"It shows how that brain is working," Evans says. "She was always my inspiration, always will be my inspiration."

[Image: Flickr user Phoebe]

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  • Leslie Hanes

    Mothers of Invention! When we could not find a decent swim diaper for my partner's son, we designed our own. Now we sell it worldwide. Sometimes you just have to do it yourself. Congratulations to this amazing woman. Good article! Leslie Hanes, SOSecure Products.

  • Tanja Kubis

    We are grateful to Paula for starting FAST and for getting the research going in a big way toward treating Angelman Syndrome. To be given the opportunity to be involved in clinical trials to help improve the quality of our daughter's life is such a blessing, one that was not even thought of when she was diagnosed over a decade ago. Thanks to the FAST team for working to make a treatment/cure for AS a reality!

  • Kristie Knowles Larson

    For all that contribute to FAST and Taylor, this is what we support. So glad to call this lady a friend and even more elated that she allows us to be a member of her team!! Thanks Paula Evans, for giving us a voice and a HOPE FOR A CURE!! Thank you for giving, me personally, a place to belong and an entity to give my need "to do" to.

  • incognitogenius

    Incredible story - I'm interested in learning more. Will this be in the print edition?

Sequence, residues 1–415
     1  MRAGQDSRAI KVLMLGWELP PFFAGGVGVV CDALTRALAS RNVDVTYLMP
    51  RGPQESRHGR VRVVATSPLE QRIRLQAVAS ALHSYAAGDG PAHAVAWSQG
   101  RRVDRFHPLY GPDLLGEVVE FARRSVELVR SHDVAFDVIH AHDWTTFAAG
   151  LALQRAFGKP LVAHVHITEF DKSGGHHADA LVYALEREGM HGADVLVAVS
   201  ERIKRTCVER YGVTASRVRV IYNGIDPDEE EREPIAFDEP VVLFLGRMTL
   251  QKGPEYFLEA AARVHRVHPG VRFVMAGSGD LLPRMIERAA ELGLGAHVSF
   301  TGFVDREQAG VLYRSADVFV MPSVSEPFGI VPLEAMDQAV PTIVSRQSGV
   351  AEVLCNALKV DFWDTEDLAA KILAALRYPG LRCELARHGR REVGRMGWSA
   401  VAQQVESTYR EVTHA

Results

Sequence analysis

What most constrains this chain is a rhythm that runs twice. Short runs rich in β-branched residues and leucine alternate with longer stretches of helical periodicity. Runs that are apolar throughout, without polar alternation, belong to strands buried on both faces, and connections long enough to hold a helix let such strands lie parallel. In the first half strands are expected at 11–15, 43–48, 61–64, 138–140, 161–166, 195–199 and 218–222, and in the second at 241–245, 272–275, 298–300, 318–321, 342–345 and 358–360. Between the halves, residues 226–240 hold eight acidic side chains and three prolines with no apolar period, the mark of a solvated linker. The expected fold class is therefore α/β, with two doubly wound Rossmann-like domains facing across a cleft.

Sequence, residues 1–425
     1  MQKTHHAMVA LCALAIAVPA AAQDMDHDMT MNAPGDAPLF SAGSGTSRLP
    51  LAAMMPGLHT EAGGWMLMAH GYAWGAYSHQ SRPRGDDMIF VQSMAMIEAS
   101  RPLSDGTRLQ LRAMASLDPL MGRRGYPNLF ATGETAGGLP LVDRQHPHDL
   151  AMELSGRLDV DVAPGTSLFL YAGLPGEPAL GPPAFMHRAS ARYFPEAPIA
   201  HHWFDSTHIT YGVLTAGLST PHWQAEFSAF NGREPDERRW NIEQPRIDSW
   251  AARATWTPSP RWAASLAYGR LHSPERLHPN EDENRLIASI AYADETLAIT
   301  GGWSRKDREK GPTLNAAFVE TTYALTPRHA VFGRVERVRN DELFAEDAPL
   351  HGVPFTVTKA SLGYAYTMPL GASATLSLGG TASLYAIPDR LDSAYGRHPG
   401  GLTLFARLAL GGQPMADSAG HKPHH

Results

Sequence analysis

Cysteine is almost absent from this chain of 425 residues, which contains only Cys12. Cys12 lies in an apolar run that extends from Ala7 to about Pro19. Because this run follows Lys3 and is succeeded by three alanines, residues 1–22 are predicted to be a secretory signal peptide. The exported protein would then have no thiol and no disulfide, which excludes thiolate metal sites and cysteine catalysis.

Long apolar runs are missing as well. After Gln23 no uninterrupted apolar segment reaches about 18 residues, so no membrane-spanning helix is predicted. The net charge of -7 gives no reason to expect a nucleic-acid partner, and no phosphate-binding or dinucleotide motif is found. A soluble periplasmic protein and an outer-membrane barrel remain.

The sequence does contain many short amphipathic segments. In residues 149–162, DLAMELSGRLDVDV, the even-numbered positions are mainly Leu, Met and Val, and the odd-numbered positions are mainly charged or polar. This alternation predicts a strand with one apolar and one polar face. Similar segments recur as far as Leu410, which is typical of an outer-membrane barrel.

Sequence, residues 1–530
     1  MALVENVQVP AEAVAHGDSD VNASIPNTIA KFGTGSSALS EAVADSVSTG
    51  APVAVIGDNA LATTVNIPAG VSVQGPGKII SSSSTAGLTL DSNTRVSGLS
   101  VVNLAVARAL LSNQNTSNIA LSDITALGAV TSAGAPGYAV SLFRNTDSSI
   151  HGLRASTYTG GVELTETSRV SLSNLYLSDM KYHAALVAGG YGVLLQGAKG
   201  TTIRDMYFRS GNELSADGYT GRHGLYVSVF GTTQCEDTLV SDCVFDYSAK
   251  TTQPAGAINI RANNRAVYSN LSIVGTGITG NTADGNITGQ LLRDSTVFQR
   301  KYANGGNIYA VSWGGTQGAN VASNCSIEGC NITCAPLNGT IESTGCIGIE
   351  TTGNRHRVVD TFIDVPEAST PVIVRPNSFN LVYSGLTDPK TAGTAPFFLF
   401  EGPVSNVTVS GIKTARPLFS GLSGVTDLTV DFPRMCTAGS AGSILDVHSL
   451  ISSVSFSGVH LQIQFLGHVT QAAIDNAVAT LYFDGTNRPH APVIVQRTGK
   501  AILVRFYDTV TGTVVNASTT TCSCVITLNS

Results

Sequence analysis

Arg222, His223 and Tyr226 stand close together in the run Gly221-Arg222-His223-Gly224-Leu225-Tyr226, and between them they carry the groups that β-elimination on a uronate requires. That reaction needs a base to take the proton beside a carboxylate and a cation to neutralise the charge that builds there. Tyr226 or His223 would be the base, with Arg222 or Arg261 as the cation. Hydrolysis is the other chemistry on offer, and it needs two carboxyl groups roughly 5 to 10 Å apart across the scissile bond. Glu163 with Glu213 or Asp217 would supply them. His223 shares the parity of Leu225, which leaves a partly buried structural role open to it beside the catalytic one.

• Michelle O'Mara Nelson

    Paula Evans and the incredible volunteers at FAST have spent countless hours to help find a cure for AS. The strength and acceptance has been incredible to experience from FAST. The love and dignity that is shared with the angles is a true inspiration. Thanks for the article and the hard work.

  • Angel BradySteph Fore

    I am truly honored to call Paula my inspiration as well as my friend. She is absolutely fierce and will stop at nothing to help all of our children. 10yes ago after my son got his AS diagnosis, we were told to just accept it...there would never be a treatment or a cure. Thanks to Paula and FAST, we now know that a cure is imminent. I look forward to the day that we all meet in Chicago to celebrate the cure, instead of fundraising for Angelman research. Thanks for giving us hope!

  • Jen Wulf Ehling

    Thank you for this great article on Paula Evans and the volunteer team at FAST. She is humble fierce driven smart beautiful and generous. All the qualities of a great leader. Thanks for helping get the word out about Angelman syndrome.

  • Jenn Owensby

    Paula is an absolutely amazing woman and FAST as an organization is so inspiring . Paula has put a once unatainable thought to not see a cure in our lifetime & put it within grasp because of her dedication & movement to make things happen.The Angleman community and parents are behind this 100% for a cure for our children! #curenagleman #fast

  • Michelle Stahl

    Paula and FAST are an amazing woman and company! Once thought to not see a cure in our lifetime it is within reach because of people like Paula.The Angleman community and parents are behind this 100% for a cure for our children! #curenagleman #fast

  • Kimberly Groff-Mark

    My beautiful boy was 16 months old when he was diagnosed with AS. We were told there would not be a cute in five lifetimes. Our family was crushed and devastated. Then I found out about FAST!!! Not only is it possible a cure is probable. Maverick is 4 now. I pray for the day there is a cure. Thanks FAST!!

  • Thank you Paula and the rest of the FAST team! Everyone has worked hard for raising awareness and funding for a cure.

  • Judy Swanton

    I am very thankful to FAST, Paul and all the volunteers who have given so much time, energy and direction to finding a treatment for Angelman Syndrome. Without their vision, we would be on the slow train instead of the FAST train! Many thanks to the volunteer board members, Doctors, and the amazing families fundraising. "It takes a village"